Nonetheless, rather than acknowledge that the required records doctrine is conceptually orphaned and thus largely irrelevant, Courts of Appeals have repeatedly accepted the government’s invitation to convert it into an “exception” to trump valid invocations of the privilege. Worse still, they have done so in the context of a raft of investigations under the Bank Secrecy Act, which presumptively imposes record-keeping requirements on every taxpayer, and which Congress explained was intended to facilitate criminal investigation, not commercial regulation. This context is quite unlike the traditional required records context, in which the act of production reveals nothing more than the already public fact of participation in a regulated industry for which record-keeping is required. Here, the government is attempting to force citizens to reveal the presence or absence of records, in circumstances in which the very act of production will reveal incriminating facts not otherwise public that will serve as the lynchpin of the contemplated prosecutions. This is the precise situation in which the Fifth Amendment act-of-production privilege applies. 
Treating that privilege as trumped by the obsolete required records doctrine gets matters exactly backwards. Even on its own terms, the required records doctrine cannot be applied to compel production of records required of every taxpayer for criminal investigatory, not regulatory, reasons. But even if the doctrine did apply, it would not—and could not—override the act-of-production privilege that both the government and the lower courts necessarily concede exists here. 
Because the lower courts have viewed this purported exception to the Fifth Amendment as compelled by Shapiro, only this Court can correct this error. And the government’s increasing resort to this tactic in Bank Secrecy Act prosecutions makes the need for the Court’s review particularly acute. This case presents an ideal vehicle to correct this recurring misreading of Shapiro because Chief Judge Holderman rejected the government’s position, and the case came to the Seventh Circuit on the government’s appeal of this clean legal issue. In cases in which District Courts accept the government’s argument, by contrast, compelled production of the records will be ordered, and it will be difficult for this issue to be presented on appeal. This Court should grant certiorari to resolve the pervasive confusion in this area of ever increasing importance.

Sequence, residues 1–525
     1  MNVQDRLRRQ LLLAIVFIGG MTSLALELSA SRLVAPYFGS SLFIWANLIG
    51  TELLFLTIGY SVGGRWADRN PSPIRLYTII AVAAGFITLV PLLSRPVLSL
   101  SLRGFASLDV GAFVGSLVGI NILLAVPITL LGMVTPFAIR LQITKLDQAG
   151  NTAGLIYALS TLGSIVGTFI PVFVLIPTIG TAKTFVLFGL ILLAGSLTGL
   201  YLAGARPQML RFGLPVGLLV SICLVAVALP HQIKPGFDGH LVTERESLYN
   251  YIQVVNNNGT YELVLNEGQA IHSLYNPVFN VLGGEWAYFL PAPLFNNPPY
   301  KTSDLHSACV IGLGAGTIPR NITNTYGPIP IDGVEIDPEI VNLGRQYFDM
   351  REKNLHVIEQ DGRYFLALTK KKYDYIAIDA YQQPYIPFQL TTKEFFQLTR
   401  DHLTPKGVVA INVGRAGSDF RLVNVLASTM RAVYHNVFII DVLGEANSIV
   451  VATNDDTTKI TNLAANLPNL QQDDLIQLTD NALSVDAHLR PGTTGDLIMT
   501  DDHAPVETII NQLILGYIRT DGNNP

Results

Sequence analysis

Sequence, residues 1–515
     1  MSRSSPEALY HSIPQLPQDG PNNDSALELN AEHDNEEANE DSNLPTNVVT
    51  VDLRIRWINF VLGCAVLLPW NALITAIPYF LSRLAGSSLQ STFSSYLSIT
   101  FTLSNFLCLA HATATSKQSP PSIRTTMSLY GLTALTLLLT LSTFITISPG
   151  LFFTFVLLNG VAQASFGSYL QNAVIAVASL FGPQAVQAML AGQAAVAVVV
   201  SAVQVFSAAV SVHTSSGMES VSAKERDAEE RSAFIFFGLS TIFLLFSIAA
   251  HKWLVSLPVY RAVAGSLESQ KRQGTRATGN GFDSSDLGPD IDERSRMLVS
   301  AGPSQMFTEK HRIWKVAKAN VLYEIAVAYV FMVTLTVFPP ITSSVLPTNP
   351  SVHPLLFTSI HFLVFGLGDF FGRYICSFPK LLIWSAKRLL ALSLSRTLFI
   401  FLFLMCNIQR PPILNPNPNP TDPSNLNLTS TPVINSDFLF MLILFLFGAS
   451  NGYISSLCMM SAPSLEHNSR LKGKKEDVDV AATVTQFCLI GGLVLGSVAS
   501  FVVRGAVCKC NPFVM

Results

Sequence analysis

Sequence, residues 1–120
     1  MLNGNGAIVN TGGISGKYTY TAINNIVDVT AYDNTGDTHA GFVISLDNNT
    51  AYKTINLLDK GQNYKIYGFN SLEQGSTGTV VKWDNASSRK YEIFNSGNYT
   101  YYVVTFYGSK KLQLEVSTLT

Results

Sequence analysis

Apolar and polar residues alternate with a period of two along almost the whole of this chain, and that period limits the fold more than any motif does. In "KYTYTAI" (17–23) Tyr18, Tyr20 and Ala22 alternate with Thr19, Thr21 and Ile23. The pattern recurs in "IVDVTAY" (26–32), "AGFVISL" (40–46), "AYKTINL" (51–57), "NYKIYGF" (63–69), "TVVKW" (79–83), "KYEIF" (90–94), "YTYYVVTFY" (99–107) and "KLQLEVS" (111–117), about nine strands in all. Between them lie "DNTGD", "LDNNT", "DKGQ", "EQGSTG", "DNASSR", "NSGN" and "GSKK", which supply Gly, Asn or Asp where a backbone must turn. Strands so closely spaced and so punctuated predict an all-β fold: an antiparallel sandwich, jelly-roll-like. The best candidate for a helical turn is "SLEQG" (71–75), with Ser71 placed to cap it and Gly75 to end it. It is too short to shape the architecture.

And,  I offer a couple of  snippets from the reasons for granting the writ and my comments:

It is bedrock constitutional law that the Fifth Amendment privilege against self-incrimination is unequivocal and admits of no exceptions. Thus, when the distinct act of producing records under compulsion is testimonial and incriminating, wholly independent of the contents of the records, neither the required records doctrine nor anything else short of a grant of immunity can overcome the privilege.

The petition then argues that the required records doctrine is not to the contrary.  I am not sure of that.  I think the required records doctrine is one of those results at the intersection of the law and practicality.  Constitutional guarantees should be read literally, but not too literally.  (That notion perhaps animated the health care decision of the Supreme Court but not the gun decision.)  That is just an observation as to how it works, but not an argument that the required records doctrine should survive.

Good luck to the petitioner!

I wonder, as a work around for the Government, if it could use the much more intrusive search warrant to achieve some of the same goals at least in some of these cases.  Of course, the more sophisticated players in this game studiously avoided receiving any bank statements, so a search warrant against them would be ineffective, even if the Government could meet the particularity requirements for a search warrant.